The dynamic arcs of travel illustrated on this map are signs of a new era. Before the Civil War, many of the relocations of Monticello’s African Americans and their descendants were enforced journeys made by still-enslaved people. Even those who were free, like the Hemingses and the Fossetts, were impelled to leave Virginia by the worsening conditions for free blacks there. From 1865, an expanding transportation network made travel easier and everyone was free, free to choose their residences, free to seek a better life for their families.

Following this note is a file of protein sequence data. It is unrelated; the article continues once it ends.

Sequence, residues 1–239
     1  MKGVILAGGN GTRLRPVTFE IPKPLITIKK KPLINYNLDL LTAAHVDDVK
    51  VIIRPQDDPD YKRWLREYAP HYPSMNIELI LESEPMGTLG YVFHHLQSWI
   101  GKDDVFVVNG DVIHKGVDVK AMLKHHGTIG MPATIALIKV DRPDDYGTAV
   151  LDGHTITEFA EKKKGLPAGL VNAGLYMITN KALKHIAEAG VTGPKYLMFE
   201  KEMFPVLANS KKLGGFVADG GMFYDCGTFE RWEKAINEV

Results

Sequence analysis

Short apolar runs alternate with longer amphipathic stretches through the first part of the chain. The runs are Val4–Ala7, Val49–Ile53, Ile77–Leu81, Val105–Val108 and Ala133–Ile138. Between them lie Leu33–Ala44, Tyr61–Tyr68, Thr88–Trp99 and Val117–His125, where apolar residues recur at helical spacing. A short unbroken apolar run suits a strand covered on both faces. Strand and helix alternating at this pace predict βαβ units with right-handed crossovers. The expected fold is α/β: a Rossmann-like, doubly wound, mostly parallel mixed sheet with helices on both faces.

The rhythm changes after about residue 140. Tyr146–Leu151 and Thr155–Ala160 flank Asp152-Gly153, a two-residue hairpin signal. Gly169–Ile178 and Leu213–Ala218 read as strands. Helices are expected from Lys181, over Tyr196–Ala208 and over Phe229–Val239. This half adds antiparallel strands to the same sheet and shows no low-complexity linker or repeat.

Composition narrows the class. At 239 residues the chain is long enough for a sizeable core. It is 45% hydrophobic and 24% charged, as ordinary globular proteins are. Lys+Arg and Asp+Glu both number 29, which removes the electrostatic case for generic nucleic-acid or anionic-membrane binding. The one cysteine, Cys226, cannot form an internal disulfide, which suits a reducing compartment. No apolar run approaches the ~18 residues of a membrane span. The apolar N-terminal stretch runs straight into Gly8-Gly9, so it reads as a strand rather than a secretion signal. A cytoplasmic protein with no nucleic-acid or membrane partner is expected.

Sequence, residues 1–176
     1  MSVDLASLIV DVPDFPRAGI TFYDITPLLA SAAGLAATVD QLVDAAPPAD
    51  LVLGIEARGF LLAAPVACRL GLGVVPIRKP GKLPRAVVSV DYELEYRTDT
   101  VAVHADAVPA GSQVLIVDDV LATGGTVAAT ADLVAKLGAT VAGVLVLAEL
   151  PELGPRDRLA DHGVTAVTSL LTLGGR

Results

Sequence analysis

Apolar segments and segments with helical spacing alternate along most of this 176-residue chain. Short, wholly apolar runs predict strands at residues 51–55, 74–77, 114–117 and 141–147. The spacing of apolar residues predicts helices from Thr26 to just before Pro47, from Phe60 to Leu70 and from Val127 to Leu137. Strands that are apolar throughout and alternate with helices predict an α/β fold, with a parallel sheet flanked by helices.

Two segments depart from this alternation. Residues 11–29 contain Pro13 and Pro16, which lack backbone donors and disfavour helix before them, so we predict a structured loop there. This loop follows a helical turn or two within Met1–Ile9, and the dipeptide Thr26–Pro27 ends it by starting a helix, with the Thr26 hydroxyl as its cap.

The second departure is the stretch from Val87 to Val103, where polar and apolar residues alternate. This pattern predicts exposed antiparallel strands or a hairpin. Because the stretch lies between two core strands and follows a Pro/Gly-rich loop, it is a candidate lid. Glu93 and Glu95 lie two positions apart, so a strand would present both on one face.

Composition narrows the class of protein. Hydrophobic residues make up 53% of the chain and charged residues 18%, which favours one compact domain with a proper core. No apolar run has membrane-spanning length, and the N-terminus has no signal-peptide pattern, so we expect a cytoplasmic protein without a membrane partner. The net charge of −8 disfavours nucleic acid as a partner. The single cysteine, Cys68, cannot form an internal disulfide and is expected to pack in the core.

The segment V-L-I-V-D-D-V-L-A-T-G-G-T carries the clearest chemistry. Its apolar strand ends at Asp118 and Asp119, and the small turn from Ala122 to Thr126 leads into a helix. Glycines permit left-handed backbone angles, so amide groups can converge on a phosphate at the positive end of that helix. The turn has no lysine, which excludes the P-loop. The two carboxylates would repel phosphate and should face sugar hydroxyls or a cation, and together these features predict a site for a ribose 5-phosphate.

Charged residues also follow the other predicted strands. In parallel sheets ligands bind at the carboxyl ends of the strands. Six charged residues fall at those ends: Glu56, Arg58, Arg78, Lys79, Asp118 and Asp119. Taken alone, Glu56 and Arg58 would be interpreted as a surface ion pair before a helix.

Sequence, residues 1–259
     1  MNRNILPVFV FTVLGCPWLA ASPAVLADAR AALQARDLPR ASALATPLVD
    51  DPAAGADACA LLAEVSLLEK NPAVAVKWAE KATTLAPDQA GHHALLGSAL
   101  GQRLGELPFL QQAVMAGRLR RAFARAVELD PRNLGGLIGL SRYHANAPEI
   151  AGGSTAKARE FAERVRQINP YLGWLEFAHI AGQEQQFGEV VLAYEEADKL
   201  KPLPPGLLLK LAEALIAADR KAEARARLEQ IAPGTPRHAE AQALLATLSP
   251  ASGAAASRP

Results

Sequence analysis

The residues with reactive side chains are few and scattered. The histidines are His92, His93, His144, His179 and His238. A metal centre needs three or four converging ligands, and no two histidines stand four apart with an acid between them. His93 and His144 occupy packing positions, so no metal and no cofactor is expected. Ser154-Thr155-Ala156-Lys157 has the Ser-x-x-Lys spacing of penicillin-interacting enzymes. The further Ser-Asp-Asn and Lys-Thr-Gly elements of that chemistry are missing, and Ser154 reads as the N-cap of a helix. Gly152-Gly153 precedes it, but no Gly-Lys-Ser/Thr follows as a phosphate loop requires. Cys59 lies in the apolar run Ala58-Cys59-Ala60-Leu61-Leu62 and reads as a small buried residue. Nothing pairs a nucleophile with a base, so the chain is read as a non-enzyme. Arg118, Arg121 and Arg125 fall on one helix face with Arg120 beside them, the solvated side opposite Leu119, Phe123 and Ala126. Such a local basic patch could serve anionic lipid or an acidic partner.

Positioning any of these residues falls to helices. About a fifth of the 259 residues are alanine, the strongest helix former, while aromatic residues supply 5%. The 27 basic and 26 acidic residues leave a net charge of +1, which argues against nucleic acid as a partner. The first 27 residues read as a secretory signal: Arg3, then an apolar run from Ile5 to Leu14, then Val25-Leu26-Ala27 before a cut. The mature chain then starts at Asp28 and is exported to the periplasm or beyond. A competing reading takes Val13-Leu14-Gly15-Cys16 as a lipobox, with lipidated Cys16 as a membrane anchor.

In 1887 Madison Hemings's youngest daughter Ellen Hemings Roberts moved with her family from Ohio to Los Angeles, where her husband Andrew J. Roberts established the first black-owned mortuary.
About 1900 Mary Hemings Johnson's daughter Nellie moved to Chicago with her husband, Henry Jones, who owned cabarets and jazz clubs on State Street.